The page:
Using JavaScript instead of target to open new windows

Update: The technique described here is not ideal. Read why in New windows with JavaScript and the target attribute.

In my recent post about The target attribute and opening new windows, I stated that when I am faced with no other choice but to open a link in a new window, I prefer using unobtrusive JavaScript instead of the target attribute. The reason is that I always use a strict doctype, which does not allow the target attribute.

What I did not say was exactly how the script I use is constructed, but I guess I should have. A few people commenting on the post thought that I was suggesting the use of JavaScript to insert the invalid target attribute simply to hide it from the W3C Markup Validator. Cheating to pass validation is not what I am proposing.

After a bit of searching I wasn't able to find a detailed description of this kind of script, so I thought I'd write one. It isn't a very complicated script, so it's hardly groundbreaking, but I hope somebody will find it useful.

For the script to work you need to edit your markup just a little, since the script needs to be able to tell which links it should affect. Some use the rel attribute for that, but I prefer using the class attribute since it allows me to style the links that will open a new window. The script looks for links with a class name of non-html, and allows multiple class names.

I think the class name non-html also serves as a good reminder that one of the few times it may be ok to make a link open a new window is when its target is a document in a non-HTML format. Common examples are PDF files and Word documents.

The user should always be warned when links will open new windows, so the script also adds a text with some information about the link's behaviour. To make it stand out a bit more to people browsing with CSS off and JavaScript on, the text is wrapped in an em element.

Example markup:

  1. <a href="" class="non-html">The website</a>

Try it out in the JavaScript target demo document.

To use the script, make sure these two functions are included in your common.js or wherever you store your global JavaScript functions:

  1. /*
  2. Create the new window
  3. */
  4. function openInNewWindow() {
  5. // Change "_blank" to something like "newWindow" to load all links in the same new window
  6. var newWindow ='href'), '_blank');
  7. newWindow.focus();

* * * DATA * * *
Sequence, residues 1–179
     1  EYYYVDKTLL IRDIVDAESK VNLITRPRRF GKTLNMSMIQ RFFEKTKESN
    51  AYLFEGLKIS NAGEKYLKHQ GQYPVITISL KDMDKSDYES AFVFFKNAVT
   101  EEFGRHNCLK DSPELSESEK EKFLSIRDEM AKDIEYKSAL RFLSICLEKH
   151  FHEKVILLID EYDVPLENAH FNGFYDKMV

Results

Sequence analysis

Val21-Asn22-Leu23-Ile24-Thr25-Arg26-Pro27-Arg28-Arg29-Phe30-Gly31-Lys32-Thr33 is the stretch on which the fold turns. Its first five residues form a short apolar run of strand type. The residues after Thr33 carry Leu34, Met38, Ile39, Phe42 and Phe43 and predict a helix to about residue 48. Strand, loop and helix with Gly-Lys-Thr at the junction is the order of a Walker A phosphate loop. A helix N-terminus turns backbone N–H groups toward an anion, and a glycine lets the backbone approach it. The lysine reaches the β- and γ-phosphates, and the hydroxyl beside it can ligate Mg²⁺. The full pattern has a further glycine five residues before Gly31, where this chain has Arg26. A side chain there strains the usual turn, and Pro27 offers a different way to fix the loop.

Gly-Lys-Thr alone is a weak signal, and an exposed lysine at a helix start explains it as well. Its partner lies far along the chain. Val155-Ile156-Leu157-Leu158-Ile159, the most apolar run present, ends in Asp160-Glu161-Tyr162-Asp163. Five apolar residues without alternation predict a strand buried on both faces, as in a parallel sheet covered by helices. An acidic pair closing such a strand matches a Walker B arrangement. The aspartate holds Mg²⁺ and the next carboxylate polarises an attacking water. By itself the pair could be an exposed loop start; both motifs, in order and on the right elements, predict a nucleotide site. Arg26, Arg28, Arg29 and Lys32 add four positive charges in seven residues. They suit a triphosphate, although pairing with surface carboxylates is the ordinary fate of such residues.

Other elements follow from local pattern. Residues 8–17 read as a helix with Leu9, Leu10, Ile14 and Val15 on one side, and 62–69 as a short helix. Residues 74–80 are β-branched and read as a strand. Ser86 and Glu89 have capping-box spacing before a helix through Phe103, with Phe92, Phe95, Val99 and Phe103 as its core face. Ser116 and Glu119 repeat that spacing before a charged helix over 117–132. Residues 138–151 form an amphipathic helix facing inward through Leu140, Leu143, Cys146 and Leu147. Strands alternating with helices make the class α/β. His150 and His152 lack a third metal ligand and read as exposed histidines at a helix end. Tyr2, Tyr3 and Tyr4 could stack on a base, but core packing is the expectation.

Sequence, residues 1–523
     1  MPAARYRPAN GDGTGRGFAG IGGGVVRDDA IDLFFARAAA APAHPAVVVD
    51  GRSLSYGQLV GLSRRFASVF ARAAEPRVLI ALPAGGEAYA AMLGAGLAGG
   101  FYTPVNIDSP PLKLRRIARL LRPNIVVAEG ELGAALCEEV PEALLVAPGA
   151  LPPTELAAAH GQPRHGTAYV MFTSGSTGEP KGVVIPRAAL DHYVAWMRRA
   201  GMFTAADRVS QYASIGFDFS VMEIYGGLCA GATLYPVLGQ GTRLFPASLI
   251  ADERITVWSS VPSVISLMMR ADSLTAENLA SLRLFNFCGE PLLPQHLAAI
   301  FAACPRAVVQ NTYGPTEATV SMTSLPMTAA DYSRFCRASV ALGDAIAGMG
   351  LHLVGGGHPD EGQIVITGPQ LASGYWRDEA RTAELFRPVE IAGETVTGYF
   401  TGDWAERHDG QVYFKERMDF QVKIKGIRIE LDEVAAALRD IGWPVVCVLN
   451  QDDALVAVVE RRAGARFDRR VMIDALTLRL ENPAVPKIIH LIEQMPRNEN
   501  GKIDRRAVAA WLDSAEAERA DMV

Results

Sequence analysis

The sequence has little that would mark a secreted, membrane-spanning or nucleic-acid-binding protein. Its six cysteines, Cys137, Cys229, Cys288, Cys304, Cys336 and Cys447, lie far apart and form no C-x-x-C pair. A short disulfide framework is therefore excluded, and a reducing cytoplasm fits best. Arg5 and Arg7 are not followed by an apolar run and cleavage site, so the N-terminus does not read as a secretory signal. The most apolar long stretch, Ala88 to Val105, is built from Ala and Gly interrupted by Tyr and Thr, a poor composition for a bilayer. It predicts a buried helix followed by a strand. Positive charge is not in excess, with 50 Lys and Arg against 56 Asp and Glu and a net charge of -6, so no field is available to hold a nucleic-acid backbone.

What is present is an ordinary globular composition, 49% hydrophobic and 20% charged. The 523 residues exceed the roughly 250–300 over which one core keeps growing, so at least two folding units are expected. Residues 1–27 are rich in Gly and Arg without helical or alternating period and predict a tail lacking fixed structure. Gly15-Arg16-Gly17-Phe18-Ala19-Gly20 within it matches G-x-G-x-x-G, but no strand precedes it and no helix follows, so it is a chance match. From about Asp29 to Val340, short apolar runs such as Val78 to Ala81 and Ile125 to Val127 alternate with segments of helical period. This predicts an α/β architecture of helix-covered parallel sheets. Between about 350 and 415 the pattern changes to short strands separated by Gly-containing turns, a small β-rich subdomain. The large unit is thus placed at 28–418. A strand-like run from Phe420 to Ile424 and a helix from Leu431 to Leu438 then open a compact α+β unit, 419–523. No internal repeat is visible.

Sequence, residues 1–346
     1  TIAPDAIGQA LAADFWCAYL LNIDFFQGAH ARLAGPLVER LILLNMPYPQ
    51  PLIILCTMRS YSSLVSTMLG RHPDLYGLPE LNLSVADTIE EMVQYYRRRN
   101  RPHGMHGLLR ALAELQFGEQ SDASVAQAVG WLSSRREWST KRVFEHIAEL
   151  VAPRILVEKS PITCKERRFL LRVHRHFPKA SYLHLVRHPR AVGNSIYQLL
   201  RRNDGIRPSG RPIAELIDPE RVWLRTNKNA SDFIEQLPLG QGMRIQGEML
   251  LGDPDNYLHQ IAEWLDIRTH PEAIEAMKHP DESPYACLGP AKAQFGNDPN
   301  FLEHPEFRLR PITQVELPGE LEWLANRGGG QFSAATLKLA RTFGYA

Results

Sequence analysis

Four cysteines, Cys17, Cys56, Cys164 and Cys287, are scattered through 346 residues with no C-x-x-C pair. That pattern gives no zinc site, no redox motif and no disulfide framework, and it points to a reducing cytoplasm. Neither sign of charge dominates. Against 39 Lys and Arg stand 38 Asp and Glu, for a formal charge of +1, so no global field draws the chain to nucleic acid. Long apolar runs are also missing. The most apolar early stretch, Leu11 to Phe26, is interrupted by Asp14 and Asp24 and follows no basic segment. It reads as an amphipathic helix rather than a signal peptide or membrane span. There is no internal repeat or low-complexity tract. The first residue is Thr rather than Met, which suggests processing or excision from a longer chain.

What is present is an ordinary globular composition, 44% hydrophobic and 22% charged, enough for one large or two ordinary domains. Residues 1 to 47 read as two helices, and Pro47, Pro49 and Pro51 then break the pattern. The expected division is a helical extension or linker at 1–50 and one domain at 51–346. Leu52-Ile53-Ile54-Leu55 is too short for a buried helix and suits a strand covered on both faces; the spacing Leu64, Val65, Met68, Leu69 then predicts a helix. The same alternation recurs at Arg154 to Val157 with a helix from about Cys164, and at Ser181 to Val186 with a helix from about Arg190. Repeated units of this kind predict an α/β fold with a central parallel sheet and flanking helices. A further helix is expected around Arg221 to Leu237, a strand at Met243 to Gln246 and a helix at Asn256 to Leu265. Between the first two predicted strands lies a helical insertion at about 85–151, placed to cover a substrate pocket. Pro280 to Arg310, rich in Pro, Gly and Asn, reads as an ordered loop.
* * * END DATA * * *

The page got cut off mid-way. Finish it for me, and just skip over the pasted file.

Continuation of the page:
8. return false;
  9. }
  10. /*
  11. Add the openInNewWindow function to the onclick event of links with a class name of "non-html"
  12. */
  13. function getNewWindowLinks() {
  14. // Check that the browser is DOM compliant
  15. if (document.getElementById && document.createElement && document.appendChild) {
  16. // Change this to the text you want to use to alert the user that a new window will be opened
  17. var strNewWindowAlert = " (opens in a new window)";
  18. // Find all links
  19. var objWarningText;
  20. var strWarningText;
  21. var link;
  22. var links = document.getElementsByTagName('a');
  23. for (var i = 0; i < links.length; i++) {
  24. link = links[i];
  25. // Find all links with a class name of "non-html"
  26. if (/\bnon\-html\b/.exec(link.className)) {
  27. // Create an em element containing the new window warning text and insert it after the link text
  28. objWarningText = document.createElement("em");
  29. strWarningText = document.createTextNode(strNewWindowAlert);
  30. objWarningText.appendChild(strWarningText);
  31. link.appendChild(objWarningText);
  32. link.onclick = openInNewWindow;
  33. }
  34. }
  35. objWarningText = null;
  36. }
  37. }

Thanks to Robert Nyman for looking over the script for me and pointing out a couple of mistakes I'd made.

Either copy and paste from here or download my sample javascript-target.js file, which contains all the JavaScript you need to use this.

Be aware that if you use XHTML served as application/xhtml+xml, document.createElement() will not work in all browsers. In that case you should take a look at Simon Willison's createElement() function, described in Javascript, the DOM and application/xhtml.

After that you need to make sure the getNewWindowLinks() function is executed when the document has loaded so it can insert the onclick event handlers. Use your favourite addEvent() function. There are many different addEvent() functions floating around, but the winner of PPK's addEvent() recoding contest should be a good choice. Once you have an addEvent() function in your JavaScript library, the following will load the getNewWindowLinks() function.

  1. addEvent(window, 'load', getNewWindowLinks);

I suggest putting that line can be at the end of common.js.

So what are the benefits of opening new windows this way?

  • You can keep the strict doctype, which makes it easier to keep track of any presentational markup that sneaks its way into the markup.
  • The script is unobtrusive, meaning that for users with no JavaScript support links will open normally (in the same window).
  • People who use tabbed browsers can still choose to open the link in a new tab.
  • It doesn't interfere with extensions like Tab Mix Plus that let Firefox be configured to open links that open new windows in a new tab instead. Update: It apparently does interfere with Tab Mix Plus under certain circumstances. See comment #1 on this page.

Of course this function could be extended to accept a whole lot of parameters like window size and such, but I've deliberatly kept it as simple as possible.

And again, don't forget that opening new windows should generally be avoided.

Update: After considering the suggestions made in the comments I have made some changes to the script. Please use the updated script as described in Opening new windows with JavaScript, version 1.2 instead of this version.

Posted on May 2, 2006 in JavaScript